$6 – $14

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Phoebe A. Hearst Museum of Anthropology

102 Kroeber Hall, University of California, Berkeley

Berkeley, CA 94720

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This talk will explore how beer is made, its age, and early evidence for it in Western South Asia, and South America.

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Join us for a lecture from Christine Hastorf, Ph.D. on the history of beer through an archaeological lens. How long have people been making beer? Where did beer making traditions first begin? How do ancient beer making traditions compare to those in practice around the world today? This lecture is hosted alongside the Hearst Museum's current exhibit - Pleasure, Poison, Prescription, Prayer: The Worlds of Mind-Altering Substances.

Christine A. Hastorf received her Ph.D. from the University of California, Los Angeles and is a Professor in the Department of Anthropology at the University of California, Berkeley, Director of the Archaeological Research Facility, and the McCown Archaeobotany Laboratory as well as Curator of South American Archaeology at the Phoebe A. Hearst Museum. Since 1992, she has directed the Taraco Archaeological Project on the shores of Lake Titicaca in Bolivia. Hastorf has conducted extensive, groundbreaking work involving paleoethnobotany, plant domestication, ritual, agricultural production, social relations, and the social archaeology of food. She is the recipient of the prestigious 2012 Fryxell Award from the Society for American Archaeology.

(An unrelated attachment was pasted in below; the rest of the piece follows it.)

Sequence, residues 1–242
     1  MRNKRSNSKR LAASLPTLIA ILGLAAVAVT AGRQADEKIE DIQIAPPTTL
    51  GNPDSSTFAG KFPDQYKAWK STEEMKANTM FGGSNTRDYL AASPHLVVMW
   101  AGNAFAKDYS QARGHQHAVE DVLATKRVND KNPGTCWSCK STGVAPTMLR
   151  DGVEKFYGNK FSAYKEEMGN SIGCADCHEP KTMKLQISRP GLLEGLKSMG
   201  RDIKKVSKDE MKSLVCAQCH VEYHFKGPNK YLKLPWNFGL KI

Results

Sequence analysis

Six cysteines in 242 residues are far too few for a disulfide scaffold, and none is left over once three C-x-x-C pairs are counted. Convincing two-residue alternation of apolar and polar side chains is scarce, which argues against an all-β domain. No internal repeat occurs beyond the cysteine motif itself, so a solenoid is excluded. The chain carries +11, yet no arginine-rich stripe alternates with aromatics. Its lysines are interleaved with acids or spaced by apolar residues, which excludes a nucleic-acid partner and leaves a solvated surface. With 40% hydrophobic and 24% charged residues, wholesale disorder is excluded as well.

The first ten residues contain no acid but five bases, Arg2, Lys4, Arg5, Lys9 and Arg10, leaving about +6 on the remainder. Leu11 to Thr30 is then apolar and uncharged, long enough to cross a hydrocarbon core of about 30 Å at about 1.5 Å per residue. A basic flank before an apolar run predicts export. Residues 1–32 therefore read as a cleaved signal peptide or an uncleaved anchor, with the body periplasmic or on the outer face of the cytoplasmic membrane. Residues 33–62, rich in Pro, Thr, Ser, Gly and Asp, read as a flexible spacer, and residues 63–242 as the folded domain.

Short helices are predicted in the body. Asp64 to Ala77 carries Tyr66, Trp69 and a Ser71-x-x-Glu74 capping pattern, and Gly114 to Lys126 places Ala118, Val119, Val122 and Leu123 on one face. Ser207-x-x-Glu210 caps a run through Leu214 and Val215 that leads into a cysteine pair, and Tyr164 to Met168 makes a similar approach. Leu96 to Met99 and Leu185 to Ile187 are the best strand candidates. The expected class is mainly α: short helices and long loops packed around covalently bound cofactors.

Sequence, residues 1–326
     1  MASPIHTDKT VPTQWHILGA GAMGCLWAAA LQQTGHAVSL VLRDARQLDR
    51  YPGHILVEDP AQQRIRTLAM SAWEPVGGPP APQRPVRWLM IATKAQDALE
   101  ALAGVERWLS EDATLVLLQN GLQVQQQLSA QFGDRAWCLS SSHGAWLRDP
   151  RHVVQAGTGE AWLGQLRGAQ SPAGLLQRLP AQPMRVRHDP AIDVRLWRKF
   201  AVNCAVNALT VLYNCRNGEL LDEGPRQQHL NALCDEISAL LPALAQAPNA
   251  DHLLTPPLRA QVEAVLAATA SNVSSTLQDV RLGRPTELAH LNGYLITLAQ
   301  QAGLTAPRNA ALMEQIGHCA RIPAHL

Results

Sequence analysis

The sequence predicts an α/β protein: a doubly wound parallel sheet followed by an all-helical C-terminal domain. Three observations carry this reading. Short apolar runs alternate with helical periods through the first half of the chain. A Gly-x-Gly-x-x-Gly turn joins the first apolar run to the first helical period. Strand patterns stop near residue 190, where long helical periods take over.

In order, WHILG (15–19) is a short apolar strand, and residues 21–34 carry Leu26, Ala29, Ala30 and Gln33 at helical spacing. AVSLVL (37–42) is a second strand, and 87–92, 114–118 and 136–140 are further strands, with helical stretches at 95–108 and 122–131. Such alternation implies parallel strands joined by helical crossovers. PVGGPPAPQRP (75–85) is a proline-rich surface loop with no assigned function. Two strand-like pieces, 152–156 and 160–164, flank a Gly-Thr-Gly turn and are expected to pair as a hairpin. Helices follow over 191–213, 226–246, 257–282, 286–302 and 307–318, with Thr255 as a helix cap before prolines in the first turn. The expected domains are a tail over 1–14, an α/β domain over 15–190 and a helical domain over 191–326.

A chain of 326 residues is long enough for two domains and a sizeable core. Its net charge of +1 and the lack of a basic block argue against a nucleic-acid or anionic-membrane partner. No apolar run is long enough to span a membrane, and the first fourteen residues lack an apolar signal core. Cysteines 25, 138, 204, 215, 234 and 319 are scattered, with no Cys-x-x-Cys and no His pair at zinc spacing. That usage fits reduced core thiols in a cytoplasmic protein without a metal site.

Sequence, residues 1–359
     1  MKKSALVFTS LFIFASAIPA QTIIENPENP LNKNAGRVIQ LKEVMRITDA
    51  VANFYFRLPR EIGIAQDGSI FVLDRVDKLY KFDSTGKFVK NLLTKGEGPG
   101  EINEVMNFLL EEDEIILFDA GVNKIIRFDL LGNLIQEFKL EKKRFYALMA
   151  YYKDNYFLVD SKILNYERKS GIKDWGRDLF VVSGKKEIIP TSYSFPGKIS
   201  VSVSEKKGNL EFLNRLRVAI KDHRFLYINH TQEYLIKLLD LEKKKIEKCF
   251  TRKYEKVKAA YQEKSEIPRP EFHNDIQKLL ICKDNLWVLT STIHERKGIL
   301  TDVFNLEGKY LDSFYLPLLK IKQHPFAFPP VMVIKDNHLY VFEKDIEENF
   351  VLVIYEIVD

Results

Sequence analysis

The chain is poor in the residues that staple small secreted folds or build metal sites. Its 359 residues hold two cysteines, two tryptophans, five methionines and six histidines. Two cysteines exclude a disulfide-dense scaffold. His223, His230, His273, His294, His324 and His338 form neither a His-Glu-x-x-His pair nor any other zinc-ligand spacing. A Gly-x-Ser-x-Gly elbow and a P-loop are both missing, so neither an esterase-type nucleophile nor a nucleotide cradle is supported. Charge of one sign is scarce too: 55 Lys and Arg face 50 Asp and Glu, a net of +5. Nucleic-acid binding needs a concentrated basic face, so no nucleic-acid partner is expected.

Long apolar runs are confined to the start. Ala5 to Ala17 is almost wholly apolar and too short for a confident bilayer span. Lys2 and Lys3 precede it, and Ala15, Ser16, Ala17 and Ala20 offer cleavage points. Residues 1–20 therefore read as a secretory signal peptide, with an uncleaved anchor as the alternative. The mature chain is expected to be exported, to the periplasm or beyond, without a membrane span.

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Phoebe A. Hearst Museum of Anthropology

102 Kroeber Hall, University of California, Berkeley

Berkeley, CA 94720

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